Great piece on Giga OM about the impact Arrested Development could have on the fortunes of Netflix, and the wider TV distribution chain.
The TV singularity approaching us consumers of media is at times a scary one: We’re used to shows that cost millions an episode, but we’re also now used to consuming whatever we want, wherever and whenever we want. Some people think that going forward, these two mindsets won’t be able to co-exist. But Netflix seems to disagree, and the Bluths may be the ones to prove it.
With Hulu Co-pro’ing The Thick of It, I wonder if Lovefilm have any plans to acquire a much-loved series to have it exclusively on their network.
Arrested Development is returning to our screens, and The Guardian asks if the delivery of all 10 episodes at once via Netflix show will change the way we consume TV.
On the other hand: isn’t this already happening? Take Mad Men as an example: I’m waiting for the new series to come out on DVD, but other people I know stream it illegally straight after it airs in America, and a handful of crazy nonconformists even watch – or record – it via Sky Atlantic. As a result, because we’re all getting our information at different times, it’s becoming natural to exercise a basic level of caution when discussing plot points; to try and sidestep spoilers. The more shows do this, the more normal this behaviour becomes.
I think I would prefer the anticipation of a week to week delivery, but I’ll take it however it comes. To be honest, I’m pretty sure that 20th Century Fox will sell the show to international broadcasters outside the US, so The Guardian shouldn’t worry about breaking the linear delivery mould.
Remember when I told you that Michael Cera had signed a deal with CBS to write and star in an online comedy? and it was going to air exclusively on CBS’ online venture, innertube? You do? Well that’s amazing, because I was meaning to write about it but I never got around to it.
The program is now available, but not through innertube as originally promised, instead it is being shown on a whole new site which is pretty slick. Click here for the magic.
While researching the article below (by researching I mean scouring Facebook for people I know), I came across this article on 13 TV shows that should never have been canceled. It’s worth the read for the write-up on Arrested Development alone. But there are other reasons to read it, not just that! I loved Andy Richter even though nobody else did, and one day i’m going to get round to watching Freaks and Geeks, because that sounds like an average night out in the pub for me.
Just to play devil’s advocate with the guy who wrote the article though, I would say some of them are so beloved because they were cut short in their prime… I’m sure he would agree.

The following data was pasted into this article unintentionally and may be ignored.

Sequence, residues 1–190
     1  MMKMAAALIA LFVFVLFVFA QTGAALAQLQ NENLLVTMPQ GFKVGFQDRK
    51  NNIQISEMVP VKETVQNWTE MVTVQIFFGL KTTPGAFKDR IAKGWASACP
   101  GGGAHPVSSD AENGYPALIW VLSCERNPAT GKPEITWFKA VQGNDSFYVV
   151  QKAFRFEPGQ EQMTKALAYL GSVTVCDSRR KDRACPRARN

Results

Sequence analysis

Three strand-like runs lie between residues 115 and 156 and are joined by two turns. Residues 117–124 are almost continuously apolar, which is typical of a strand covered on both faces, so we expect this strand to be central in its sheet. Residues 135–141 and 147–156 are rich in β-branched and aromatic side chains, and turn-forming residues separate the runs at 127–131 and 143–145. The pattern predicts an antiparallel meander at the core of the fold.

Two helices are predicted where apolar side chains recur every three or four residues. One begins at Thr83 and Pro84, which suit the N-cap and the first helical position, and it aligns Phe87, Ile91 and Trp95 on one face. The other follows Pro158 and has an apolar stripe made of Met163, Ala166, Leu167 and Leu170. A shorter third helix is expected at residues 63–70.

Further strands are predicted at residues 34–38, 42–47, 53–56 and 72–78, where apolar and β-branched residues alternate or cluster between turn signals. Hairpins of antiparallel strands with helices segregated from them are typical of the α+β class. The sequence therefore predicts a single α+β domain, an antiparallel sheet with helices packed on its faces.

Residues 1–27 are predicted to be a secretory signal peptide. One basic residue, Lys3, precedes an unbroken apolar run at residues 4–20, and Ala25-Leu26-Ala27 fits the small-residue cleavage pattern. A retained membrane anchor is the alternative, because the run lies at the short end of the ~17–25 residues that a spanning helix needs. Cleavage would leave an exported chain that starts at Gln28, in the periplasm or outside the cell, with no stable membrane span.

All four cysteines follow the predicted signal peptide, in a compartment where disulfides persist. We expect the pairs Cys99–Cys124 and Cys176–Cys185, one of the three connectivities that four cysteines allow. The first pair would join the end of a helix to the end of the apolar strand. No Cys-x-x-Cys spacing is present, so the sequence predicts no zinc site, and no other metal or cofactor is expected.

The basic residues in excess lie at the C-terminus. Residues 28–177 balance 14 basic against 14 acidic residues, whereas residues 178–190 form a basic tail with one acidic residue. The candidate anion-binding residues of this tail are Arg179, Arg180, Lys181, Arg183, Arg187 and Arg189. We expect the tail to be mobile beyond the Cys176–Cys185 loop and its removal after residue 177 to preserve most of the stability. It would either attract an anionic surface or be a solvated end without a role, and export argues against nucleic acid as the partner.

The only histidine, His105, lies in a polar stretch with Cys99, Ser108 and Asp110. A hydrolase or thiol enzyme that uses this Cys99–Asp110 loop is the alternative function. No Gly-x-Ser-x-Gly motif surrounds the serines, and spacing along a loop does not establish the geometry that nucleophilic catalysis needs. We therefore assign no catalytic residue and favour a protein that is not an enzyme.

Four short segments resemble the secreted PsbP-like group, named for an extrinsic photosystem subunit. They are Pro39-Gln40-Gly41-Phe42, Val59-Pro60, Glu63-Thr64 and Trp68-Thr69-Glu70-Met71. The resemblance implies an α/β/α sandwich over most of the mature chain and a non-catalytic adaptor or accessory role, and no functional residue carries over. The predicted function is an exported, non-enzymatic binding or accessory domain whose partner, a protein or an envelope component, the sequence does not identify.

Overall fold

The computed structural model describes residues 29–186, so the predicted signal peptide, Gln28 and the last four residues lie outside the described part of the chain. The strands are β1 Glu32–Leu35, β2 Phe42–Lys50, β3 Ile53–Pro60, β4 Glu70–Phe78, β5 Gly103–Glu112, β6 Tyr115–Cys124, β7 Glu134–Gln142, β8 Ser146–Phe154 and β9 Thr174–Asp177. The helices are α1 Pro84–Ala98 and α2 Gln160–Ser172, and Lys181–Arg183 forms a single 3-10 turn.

…or a fourth or fifth for that matter. I’m referring of course, to Ricky Gervais’ decision to finish Extras with a “One-off special” as opposed to writing what the London Metro newspaper described as “a disappointing third series” of the awkward comedy. Why would it have to be disappointing? What is this rule in British comedy that you can only have 2 x 6 episodes, and any more than that would be overkill or cashing in/selling out? Somebody please tell me, I’m dying to know???
People are always saying Fawlty Towers only had 12 episodes, and that’s the standard. Well I’m pretty sure if Connie Booth and John Cleese hadn’t divorced, they would haver written many more years of that particular comedy (that I love, in case you are wondering).
Look at the US version of The Office. They must be almost 50 episodes in, and although not at it’s best so far this season, episodes in Season 2 were showing what could be done with these characters both in and out of the office. Incidentally the episode written by Gervais and Merchant this season turned out to be one of the weaker ones.
Conversely, I remember the outrage on forums in the days after Mtchell Hurwitz’s announcement that he would not be continuing Arrested Development on Showtime. Commentators anger stemmed from their belief (which I don’t share) that if Mitchell only had 58 episodes worth of material in him, he never should have started Arrested Development. Imagine how these people would react to another UK sitcom creator calling it a day after 2 lots of 6…
I think UK comedy writers need to buck up their ideas if they want to be taken seriously. The bottom line is if you have created a set of characters, and you can only do one intro episode and put them in 11 different situations, then your characters must be one-dimensional, or you aren’t much of a writer, or both, and you should stick to sketch comedies with repetitive catchphrases. Because sadly in the UK, thats where the real comedy money is.
come back from my relaxing holiday and whats the first thing I see in my inbox? Fox have more or less cancelled the greatest comedy of my adult life, Arrested Development.
In the past, none of the apparently good TV programs that Fox cancelled before their time affected me (Except maybe Keen Eddie), but now I really don’t like them!
Americans just never understood it. Head and shoulders above the next funniest thing on TV, the recent “retarded British Charlize Theron” storyline? funny funny funny!! Tobias Funke?? Funny funny!! George Michael and Ann?? Shit man…
The last episodes will air on FOX in December, and BBC Four late next year. If you are not in the US, get it from Bittorrent for free quicker.. Thats right I said it! Steal it, Fox owe you big time!!